Courtesy of Nurturing Lift, LLC
Although well-meaning, many pediatricians and health care professionals may stick to this idea that little one HAS to do Tummy Time for “x” amount of minutes a day. That notion is too inflexible, and oftentimes leaves parents feeling overwhelmed when they can’t meet that rigid criteria. So, there’s a growing movement of us that recommends ditching the clock and don’t worry about minutes. You heard me – stop looking at the clock, mama! Instead, it’s about providing our little ones with the opportunity for Tummy Time and floor play. What Tummy Time looks like depends on your baby’s age (check out the pictures) and preferences. A starting place may be four opportunities on a daily basis for baby to have for floor play. Each of those sessions may look different – which is where the flexibility comes into play.
Encouraging Positive Experiences
I truly believe that we as parents become the experts when it comes to our children. Recognizing our little ones’ stress cues can make infant development and promoting milestones much more of a tolerable (and even pleasant) experience. We want to try to catch these cues before we get to later cues like crying. They may look like baby starting to avoid your eye contact; skin color changes (reddened eyebrow areas); yawning; frantic squirming; and more. When you start to notice these cues, it can indicate baby is nearing the end of this activity (and is moving toward a state where there is too much stimulation in their environment).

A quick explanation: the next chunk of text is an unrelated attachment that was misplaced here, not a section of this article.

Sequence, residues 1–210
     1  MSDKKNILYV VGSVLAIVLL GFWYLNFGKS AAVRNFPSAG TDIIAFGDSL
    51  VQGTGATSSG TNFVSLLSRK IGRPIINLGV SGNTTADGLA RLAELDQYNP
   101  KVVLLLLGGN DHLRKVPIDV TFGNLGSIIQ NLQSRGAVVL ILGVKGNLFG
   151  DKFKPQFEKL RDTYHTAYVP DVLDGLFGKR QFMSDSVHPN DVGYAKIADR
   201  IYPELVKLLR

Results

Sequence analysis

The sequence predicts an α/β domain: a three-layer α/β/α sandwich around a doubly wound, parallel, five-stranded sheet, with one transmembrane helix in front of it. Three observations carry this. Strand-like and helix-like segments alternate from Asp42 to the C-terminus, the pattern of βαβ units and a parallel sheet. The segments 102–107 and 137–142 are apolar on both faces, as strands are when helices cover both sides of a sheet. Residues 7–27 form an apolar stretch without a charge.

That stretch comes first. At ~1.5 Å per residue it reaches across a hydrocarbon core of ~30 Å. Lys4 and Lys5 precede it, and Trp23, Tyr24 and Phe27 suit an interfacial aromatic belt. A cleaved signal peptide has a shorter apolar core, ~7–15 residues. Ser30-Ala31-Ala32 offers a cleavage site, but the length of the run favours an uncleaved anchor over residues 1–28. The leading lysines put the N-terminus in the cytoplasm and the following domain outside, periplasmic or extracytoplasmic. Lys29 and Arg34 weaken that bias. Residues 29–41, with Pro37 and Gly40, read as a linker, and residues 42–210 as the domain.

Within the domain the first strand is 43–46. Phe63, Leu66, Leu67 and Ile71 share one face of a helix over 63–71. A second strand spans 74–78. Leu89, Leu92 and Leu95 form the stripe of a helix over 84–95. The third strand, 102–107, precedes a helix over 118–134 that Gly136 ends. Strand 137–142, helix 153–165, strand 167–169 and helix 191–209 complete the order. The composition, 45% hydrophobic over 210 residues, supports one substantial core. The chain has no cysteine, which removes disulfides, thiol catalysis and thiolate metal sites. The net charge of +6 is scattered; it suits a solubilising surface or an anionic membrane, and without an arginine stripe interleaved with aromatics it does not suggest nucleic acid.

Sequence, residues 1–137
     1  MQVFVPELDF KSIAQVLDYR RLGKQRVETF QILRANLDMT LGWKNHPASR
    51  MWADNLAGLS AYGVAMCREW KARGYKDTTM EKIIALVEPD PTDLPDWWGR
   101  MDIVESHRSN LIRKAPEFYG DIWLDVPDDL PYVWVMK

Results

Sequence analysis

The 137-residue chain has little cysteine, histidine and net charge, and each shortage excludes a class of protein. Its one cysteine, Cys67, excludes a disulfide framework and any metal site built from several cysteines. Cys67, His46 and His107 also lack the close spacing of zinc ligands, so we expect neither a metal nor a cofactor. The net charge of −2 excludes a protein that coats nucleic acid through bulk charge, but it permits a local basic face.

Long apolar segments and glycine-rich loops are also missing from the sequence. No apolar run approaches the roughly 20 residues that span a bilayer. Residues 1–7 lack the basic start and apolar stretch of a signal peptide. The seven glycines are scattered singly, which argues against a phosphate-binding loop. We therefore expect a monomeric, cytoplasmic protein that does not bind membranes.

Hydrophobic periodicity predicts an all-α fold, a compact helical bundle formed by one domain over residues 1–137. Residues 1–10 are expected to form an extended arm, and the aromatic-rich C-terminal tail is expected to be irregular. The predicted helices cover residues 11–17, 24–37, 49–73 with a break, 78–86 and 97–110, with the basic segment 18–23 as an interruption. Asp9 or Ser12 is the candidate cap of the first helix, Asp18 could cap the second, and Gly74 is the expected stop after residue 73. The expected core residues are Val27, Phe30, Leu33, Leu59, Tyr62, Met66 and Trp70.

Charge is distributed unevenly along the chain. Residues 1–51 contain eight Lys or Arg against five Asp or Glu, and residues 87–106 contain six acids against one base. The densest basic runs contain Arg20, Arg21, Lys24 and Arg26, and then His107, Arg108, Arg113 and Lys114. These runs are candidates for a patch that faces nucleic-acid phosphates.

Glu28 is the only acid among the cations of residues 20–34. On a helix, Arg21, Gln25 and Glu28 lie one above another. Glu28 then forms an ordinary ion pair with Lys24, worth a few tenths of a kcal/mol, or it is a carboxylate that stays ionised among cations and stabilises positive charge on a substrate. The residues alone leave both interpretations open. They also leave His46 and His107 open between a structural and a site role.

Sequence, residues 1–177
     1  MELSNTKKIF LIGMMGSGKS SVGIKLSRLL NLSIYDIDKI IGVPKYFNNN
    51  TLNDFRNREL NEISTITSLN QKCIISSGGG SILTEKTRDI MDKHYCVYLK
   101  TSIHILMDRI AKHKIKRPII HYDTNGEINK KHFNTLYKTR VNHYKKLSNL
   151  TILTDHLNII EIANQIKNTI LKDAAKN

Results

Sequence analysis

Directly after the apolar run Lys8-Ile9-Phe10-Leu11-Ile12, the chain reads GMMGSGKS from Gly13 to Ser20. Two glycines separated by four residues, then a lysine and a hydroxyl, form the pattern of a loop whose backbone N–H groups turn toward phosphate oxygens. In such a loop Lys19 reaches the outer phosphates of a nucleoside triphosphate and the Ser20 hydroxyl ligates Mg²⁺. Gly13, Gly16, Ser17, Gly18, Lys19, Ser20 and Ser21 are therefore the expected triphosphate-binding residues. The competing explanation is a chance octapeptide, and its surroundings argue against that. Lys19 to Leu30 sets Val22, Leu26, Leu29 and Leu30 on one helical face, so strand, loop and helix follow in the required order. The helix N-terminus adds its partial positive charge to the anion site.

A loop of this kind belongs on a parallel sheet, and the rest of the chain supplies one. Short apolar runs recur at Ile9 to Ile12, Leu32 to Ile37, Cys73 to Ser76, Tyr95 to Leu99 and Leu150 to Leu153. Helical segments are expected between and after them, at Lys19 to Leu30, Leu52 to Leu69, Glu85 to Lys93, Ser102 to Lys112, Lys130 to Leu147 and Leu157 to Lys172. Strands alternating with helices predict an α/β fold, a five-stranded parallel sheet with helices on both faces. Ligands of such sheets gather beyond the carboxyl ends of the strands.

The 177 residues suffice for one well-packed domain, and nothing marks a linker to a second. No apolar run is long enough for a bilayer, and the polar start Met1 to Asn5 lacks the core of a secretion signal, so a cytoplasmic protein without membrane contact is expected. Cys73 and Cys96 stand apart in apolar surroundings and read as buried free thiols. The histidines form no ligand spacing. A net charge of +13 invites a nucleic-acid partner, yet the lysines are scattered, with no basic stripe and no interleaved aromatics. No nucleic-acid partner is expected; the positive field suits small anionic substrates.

This is where we help guide our little ones towards resilience. Instead of picking them up right away and removing them immediately from the situation, try helping them exit the situation themselves. The primary example I give is when baby is done with Tummy Time gently helping guide their shoulders and hips, showing them that they can start to get back onto their backs. Resilience in the face of adversity is one of the most invaluable skills we can help our children with.
I can go on and on about infant development, but I would not want the above message lost! I hope that this post left you feeling like baby milestones looked less like mountains and appeared much more manageable. If you have any questions, please feel free to reach out. You got this, mama! And thank you, Cassie, for giving me a place to help get this message out!
Love & Positivity,